The Norwegian Parliament looks likely to support or even expand a huge new aid package for Ukraine. Norway will tap into its extraordinary oil and gas profits from the war to fund more weapons for Ukraine’s defense against Russia, and more support for its civilian population.
The Norwegian government proposes funding the aid package with NOK 75 billion (USD 7.28 billion) over the next five years. Prime Minister Jonas Gahr Støre of the Labour Party specified that half the money (NOK 15 billion a year) would fund more weapons and training for the Ukrainian military and half would fund “civilian support.”
The money will come from Norway’s huge sovereign wealth fund that’s been fueled by oil and gas revenues over the past few decades. Known as the Oil Fund, it didn’t post positive returns on its investments last year because of how Russia’s war on Ukraine has battered stock markets. It has nonetheless swelled because of how Russia’s invasion of Urkaine nearly a year ago immediately boosted the price of oil and gas and left Norway facing a moral dilemma.
The huge earnings on oil and gas amounted to war profits that haven’t gone unnoticed either within or outside the country. Norway has been under pressure to put its windfall petro profits to good use, and has at times ranked as among the largest supporters of Ukraine by a variety of measures. Calls have gone out from both the minority Labour-Center government’s partner, the Socialist Left (SV) Party and others including the Liberals to do even more.
Now Støre and his embattled finance minister, Trygve Slagsvold Vedum of the Center Party, have responded with what they’re calling the “Nansen Program for Ukraine,” in the spirit of the late Norwegian Peace Prize winner, polar hero and humanitarian leader Fridtjof Nansen. Newspaper Dagens Næringsliv (DN) reported late last week how Nansen also played a major role in helping Ukraine in the early 1920s, when it was threatened by famine. Now Ukraine needs humanitarian and miiitary help again.
Many other countries around the world do, too, especially after Russia’s invasion of Ukraine sent food prices skyrocketing in addition to fuel and other energy. Støre’s government is thus also proposing an increase of another NOK 5 billion in Norway’s foreign aid budget: NOK 2.5 billion for food aid and NOK 2.5 billion for humanitarian aid aimed especially at countries in Africa that are suffering from inflation, drought and armed conflicts.
On Monday, Støre and Vedum met with the leaders of the delegations for the other seven parties in Parliament, and their proposed package seemed well-received. Only the far-left Reds Party opposes sending military aid and weapons to Ukraine and all parties support financial aid to help civilians, repair war damage and rebuild.
“This is in line with what we’ve been discussing, and it’s good to hear what the government is thinking,” Erna Solberg, the former prime minister who leads the Conservative Party, told state broadcaster NRK. She’s in favour of using more money from the Oil Fund to help Ukraine, as is her former government partner, Guri Melby of the Liberals. Melby thinks the proposed amount of NOK 75 billion, should be “the floor, not the ceiling … especially in light of the extraordinary income Norway has received as a consequence of the war.”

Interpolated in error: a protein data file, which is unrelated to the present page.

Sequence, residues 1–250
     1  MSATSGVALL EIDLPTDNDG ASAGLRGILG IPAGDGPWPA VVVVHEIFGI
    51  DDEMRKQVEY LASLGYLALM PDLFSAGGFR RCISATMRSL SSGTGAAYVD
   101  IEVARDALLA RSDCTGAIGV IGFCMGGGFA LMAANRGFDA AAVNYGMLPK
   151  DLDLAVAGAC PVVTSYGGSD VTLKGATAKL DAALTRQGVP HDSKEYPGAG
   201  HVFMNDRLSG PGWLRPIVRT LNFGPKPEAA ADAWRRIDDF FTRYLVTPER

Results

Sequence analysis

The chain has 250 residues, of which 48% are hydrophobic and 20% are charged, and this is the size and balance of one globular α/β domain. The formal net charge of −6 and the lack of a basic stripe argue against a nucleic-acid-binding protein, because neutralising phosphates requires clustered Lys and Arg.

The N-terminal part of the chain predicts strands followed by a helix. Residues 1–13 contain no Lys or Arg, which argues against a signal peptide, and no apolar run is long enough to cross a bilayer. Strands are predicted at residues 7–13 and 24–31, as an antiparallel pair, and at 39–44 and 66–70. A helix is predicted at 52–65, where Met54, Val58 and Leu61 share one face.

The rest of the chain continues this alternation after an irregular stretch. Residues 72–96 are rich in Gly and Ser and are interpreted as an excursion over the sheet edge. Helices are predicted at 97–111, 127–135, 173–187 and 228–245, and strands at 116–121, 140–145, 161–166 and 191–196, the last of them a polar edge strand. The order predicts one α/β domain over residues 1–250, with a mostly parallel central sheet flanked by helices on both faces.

The Socialist Left Party (SV) wants to bring foreign aid back up to at least 1 percent of gross national income if not gross national product, and the Christian Democrats’ leader Olaug Bollestad said she’s glad the government has “reached its moment of truth.” She’s been a big backer of much more aid to Ukraine (around NOK 15 billion so far) and more other foreign aid, as has Lan Marie Berg of the Greens Party. “It’s interesting that Støre now seems to agree with us, also that sending more foreign aid abroad won’t lead to more inflation at home,” Berg told newspaper Dagsavisen.
Støre and Vedum were criticized last fall when their first and tight state budget didn’t meet the “foreign aid percentage” for the first time in 50 years. Even though the amount of money allocated increased, it only amounted to 0.75 percent of GNP. Støre has claimed he supports the 1 percent goal, but notes how GNP itself has been swinging.
The goal is to get the new aid package to Ukraine in place by February 24, the date Russia invaded Ukraine last year. Norway has already donated weapons, its advanced surface to air missile systems (NASAMS) developed by Kongsberg Gruppen in Kongsberg and, most recently, tanks and training of Ukrainian soldiers. Ukraine has expressed gratitude but was disappointed that Norway won’t remove tariffs on agricultural imports from Ukraine.
Many also hope the new aid package, meanwhile, will also boost Norway’s position on the list of donors to Ukraine, after it fell to 14th place in mid-January as a percentage of GNP. The US has topped lists in terms of actual amounts while Estonia has donated the most as a percentage of GNP.
The most important goal, though, is that Ukraine prevails in its defense of its democracy and territorial sovereignty under attack from Russia. Norway, its allies in NATO and all members of the EU have stressed that Ukraine isn’t just fighting for its own democracy but for that of every democracy in Europe in the face of Russian aggression.